Theatre of objects and mime gestures from a veteran street performer circus duo, complete with mechanical friends and an alternative lion.
Classic fairgrounds performances and simple physical comedy. An intimate circus show from French travelling entertainers Elsa De Witte and Laurent Cabrol. A chamber piece, excuisitely intimate and warm. A show brought from the road and the circus tent onto the Barbican stage.
Bêtes de foire has a rustic aesthetic about it. Everything on stage is well lived-in, and much loved. The mechanisms, the carefully selected items. This is theatre of the real. There's a subtle sentimentality and an honesty reminiscent of Cézanne paintings.
Mechanical performers frequent the small round stage alongside the two leads. There's a tightrope cyclist and some mechanical dancing. A one-man-band serves as a compère of sorts. Toys brought to life. The mechanicals are not exactly puppets, but rather independent characters in their own right. The alternative lion, well-trained, is the real star of the show with her number.
The show is a charming invitation to play, to engage the imagination of the child within us. The pacing and performance is a bit uneven, and sometimes the build-up isn't quite worth the climax of each number. The hit numbers win the audience over. There's much to appreciate, some misses, all presented as is, with a good deal of self-awareness. It's a good mix all in all.
Thematically there's a gentle wardrobe theme running through. De Witte is a costume maker, and her small shop on stage serves as the backdrop behind the compact arena. We see jackets, hats, shoes and costumes incorporated into the show. Cabrol is the one trying garments on for a size.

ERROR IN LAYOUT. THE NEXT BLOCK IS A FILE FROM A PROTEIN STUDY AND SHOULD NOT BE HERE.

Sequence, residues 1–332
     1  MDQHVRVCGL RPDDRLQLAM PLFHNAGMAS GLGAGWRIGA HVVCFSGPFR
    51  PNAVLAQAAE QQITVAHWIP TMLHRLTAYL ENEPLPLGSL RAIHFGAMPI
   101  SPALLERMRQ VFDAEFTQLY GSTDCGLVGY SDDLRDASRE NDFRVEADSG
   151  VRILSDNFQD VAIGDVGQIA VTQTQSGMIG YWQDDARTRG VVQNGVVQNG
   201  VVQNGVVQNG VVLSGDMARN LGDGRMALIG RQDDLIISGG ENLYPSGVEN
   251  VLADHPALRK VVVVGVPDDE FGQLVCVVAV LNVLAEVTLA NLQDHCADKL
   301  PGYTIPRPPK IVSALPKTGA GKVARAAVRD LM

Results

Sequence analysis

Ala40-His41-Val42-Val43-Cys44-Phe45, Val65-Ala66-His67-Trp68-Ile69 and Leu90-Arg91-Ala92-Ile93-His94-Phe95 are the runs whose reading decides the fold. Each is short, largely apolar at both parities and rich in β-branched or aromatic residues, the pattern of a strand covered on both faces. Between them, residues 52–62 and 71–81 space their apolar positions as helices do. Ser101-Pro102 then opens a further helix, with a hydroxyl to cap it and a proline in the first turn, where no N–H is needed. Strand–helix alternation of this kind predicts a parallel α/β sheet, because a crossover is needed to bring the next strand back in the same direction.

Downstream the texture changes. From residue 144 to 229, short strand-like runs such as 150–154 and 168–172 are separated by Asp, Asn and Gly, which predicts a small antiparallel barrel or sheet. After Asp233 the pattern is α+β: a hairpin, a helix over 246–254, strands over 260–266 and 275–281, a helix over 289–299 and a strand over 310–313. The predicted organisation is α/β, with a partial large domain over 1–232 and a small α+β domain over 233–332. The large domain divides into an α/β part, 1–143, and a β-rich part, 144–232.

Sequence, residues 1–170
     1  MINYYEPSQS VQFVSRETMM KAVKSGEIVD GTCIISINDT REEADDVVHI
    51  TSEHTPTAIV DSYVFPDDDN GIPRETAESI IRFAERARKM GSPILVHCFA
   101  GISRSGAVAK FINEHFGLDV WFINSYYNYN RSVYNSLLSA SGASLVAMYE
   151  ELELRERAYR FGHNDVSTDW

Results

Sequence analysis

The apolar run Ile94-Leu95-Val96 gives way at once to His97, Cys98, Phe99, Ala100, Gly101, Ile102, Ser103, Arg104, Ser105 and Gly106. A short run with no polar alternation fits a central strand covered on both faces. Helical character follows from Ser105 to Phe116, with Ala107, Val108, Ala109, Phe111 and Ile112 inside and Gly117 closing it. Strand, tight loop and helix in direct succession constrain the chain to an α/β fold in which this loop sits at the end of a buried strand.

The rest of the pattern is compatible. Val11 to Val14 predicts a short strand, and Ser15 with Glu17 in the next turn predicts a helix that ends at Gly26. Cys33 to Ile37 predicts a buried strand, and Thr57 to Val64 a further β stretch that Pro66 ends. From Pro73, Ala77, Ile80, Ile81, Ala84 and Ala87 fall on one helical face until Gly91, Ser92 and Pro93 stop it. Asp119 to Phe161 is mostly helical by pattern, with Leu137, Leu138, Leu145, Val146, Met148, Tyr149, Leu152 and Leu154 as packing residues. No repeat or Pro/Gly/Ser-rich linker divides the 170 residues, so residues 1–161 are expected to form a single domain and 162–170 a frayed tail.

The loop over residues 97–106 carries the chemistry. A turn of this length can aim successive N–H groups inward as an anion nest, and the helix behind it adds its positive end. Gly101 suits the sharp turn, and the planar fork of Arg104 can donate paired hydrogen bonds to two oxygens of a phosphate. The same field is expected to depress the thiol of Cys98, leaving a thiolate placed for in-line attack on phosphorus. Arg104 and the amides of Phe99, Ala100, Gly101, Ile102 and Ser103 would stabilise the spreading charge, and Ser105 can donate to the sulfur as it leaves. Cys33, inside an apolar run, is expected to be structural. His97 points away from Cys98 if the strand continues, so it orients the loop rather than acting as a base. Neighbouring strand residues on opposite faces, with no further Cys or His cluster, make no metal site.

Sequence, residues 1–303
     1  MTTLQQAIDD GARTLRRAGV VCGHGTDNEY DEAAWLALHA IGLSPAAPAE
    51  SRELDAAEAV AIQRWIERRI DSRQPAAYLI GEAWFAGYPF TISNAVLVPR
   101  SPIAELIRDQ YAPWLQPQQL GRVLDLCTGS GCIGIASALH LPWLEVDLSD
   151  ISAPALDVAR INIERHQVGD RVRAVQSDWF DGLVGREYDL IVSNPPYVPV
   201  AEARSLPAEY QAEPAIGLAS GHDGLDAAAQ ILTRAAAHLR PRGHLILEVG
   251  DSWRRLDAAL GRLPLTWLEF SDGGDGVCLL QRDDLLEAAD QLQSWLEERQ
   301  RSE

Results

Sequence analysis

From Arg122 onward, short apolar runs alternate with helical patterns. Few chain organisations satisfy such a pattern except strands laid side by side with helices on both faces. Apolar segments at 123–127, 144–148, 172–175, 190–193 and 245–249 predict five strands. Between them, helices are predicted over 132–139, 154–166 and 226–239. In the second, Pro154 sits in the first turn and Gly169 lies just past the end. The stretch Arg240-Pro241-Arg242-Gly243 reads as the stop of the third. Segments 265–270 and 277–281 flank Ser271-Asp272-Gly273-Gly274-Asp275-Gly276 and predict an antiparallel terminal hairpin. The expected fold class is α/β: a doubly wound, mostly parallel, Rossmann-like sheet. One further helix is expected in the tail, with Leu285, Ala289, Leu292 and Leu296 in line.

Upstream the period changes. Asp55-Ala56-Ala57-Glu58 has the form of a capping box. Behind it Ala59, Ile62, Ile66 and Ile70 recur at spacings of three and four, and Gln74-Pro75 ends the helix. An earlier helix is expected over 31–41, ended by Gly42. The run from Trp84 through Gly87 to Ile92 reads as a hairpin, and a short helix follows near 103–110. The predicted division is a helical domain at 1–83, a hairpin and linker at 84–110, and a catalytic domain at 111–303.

The framing story is rather loose. There's a bit of gypsy treasure chest atmosphere of tiny spectacles. Everyone is eagerly waiting for the next number to be brought on stage. De Witte and Cabrol are both confident performers, but appeared a bit tired or seasoned at least.
Bêtes is a long-running show. Mine was ceremonially declared the 418th performance. All very genuine, authentic. No posing, simple performances. "Very French" it was voiced from the audience during the Q&A that followed, but perhaps just continental and high quality. Not over-thought. "We are not really performing," De Witte suggested, "this is who we are."
And who they are is street performers with a background in travelling companies. Bêtes is very much an itinerant fairgound show. They've done all of the stage build themselves, from cheap materials, and with a little help from their friends. It's a show developed, crafted in pieces, a "dreamt show".
There is a strong carny spirit in the two performers, the street souls. A wish to keep a distance, and yet engage. There's a melancholy undercurrent, a sombre nostalgia. One cannot help being reminded of Fellini's masterwork La Strada. In their words, their inspirations are eclectic, from Anthony Calder an the mechanicals to Tadeusz Kantor, Chaplin and Amélie Poulain.
See this travelling miniature circus for some charming French street entertainment from capable hands, some paws, and a whole bunch of mechanical joints.